Feds, State Officials Want Your Input on the Maglev Train Proposal

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The public will have a chance to weigh in on exactly what construction of a high-speed Maglev train line between D.C. and Baltimore might entail at a series of meetings scattered throughout the area next week.

For those who are unfamiliar, Maglev is a type of rail transport that allows trains to travel at speeds upwards of 300 mph, which could shorten the commute from D.C. to Baltimore in 15 minutes. Gov. Hogan and others have been touting this region as a location for the first U.S. Maglev line for years; Kevin Plank even pitched it as a draw to investors this week in New York, per the BBJ.

Their effort has budged along, with the company Northeast Maglev setting up shop downtown here in Baltimore last year and the feds granting the state nearly $30 million to launch an environmental impact study. Japan, which has two of its own functioning Maglev trains, is also helping out with a starter grant of $2 million for feasibility studies for the project, though that connection would almost certainly lead to more funding if the project moves along.

With the feds and state transportation officials hard at work on examining how building such technology could affect our region, they want to hear from area residents. To do that, they’ve set up five open house meetings this week in Baltimore City, Anne Arundel Baltimore and Prince George’s counties and in D.C.:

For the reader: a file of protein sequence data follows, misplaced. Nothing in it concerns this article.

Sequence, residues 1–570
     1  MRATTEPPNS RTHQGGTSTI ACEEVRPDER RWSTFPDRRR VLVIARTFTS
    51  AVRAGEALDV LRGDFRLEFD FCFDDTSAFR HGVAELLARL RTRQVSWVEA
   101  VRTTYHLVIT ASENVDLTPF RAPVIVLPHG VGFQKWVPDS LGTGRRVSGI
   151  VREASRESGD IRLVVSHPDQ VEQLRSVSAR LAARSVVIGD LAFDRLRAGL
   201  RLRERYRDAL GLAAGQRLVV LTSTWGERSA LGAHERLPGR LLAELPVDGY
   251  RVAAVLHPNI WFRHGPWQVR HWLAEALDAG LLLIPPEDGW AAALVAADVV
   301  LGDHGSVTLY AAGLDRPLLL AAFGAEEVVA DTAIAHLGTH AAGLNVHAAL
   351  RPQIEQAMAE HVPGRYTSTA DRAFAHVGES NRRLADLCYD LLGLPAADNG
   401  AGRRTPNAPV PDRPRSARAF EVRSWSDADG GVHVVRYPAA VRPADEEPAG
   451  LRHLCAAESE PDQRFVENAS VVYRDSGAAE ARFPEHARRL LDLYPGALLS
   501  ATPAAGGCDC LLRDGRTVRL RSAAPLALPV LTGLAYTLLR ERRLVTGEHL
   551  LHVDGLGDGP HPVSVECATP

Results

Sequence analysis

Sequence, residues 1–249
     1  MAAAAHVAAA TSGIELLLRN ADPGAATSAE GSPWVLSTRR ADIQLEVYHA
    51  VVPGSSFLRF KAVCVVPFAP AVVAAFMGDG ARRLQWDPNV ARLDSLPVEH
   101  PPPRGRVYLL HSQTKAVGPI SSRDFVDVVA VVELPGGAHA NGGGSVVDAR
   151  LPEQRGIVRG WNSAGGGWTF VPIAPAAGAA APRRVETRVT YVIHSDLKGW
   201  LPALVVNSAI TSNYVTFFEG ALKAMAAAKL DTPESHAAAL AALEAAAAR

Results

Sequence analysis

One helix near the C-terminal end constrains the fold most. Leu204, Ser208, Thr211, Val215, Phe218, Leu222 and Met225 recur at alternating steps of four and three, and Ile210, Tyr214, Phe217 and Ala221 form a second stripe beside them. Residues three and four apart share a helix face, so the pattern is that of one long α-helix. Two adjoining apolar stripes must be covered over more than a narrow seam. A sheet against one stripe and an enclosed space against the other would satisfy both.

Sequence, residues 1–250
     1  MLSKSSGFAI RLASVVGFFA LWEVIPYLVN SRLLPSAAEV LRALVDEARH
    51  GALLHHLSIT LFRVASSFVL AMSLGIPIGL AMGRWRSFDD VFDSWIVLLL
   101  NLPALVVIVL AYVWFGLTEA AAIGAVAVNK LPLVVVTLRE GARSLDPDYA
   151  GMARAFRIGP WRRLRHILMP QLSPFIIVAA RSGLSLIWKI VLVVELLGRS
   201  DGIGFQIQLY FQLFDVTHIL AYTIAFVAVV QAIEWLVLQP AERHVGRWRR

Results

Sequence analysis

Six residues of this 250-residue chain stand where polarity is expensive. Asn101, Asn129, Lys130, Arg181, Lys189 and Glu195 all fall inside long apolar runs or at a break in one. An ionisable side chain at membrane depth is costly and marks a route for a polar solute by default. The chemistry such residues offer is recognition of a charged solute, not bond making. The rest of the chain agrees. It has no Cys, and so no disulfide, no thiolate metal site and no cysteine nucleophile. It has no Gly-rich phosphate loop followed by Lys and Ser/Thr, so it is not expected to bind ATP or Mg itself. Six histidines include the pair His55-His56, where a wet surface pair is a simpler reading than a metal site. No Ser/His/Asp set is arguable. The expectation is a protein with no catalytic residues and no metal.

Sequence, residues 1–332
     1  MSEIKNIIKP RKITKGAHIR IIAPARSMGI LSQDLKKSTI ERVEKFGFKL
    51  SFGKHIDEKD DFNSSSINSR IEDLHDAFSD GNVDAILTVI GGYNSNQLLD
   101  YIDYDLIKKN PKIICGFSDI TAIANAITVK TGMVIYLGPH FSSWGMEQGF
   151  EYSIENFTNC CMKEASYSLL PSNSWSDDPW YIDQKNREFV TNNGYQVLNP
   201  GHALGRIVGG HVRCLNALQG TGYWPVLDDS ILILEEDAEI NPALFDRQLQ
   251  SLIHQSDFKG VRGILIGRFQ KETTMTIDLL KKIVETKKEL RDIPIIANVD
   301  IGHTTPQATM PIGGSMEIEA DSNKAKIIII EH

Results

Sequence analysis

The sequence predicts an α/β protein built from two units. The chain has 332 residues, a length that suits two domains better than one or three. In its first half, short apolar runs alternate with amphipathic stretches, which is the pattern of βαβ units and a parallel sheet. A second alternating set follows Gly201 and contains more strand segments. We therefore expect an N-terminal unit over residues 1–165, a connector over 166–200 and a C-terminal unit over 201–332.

• Saturday, Dec. 10, 10 a.m.-12 p.m: Lindale Middle School, 415 Andover Road, Linthicum Heights, Md.
  • Monday, Dec. 12, 5-7 p.m.: Arundel Middle School, 1179 Hammond Lane, Odenton, Md.
  • Tuesday, Dec. 13, 5-7 p.m.: Du Burns Coppermine Fieldhouse, 3100 Boston Street, Baltimore, MD
  • Wednesday, Dec. 14, 5-7 p.m.: Martin Luther King Jr. Memorial Library, 901 G Street NW in Washington, D.C.
  • Thursday, Dec. 15, 5-7 p.m.: West Lanham Hills Fire Hall, 8501 Good Luck Road, Lanham, Md.

The open houses aren’t really presentations, according to officials, but are more of a chance for locals to comment on what they see as the potential environmental effects of building the rail. They’re also holding to meetings so the public can help officials figure out how to mitigate those effects, learn more about the technology, meet the people behind the project and ask questions. (There’s no need to attend more than one meeting, according to the project’s website, since they will all have the same information.)

These meetings are one of the first opportunities for locals to make themselves heard while officials explore whether they can actually make this happen. It could be worth your time. After all, if the project does proceed once the environmental impact and feasibility studies are completed, Baltimore and D.C. could be looking at a transformative new connection with stops here in Baltimore, at BWI Airport and down in the District.

Ethan McLeod
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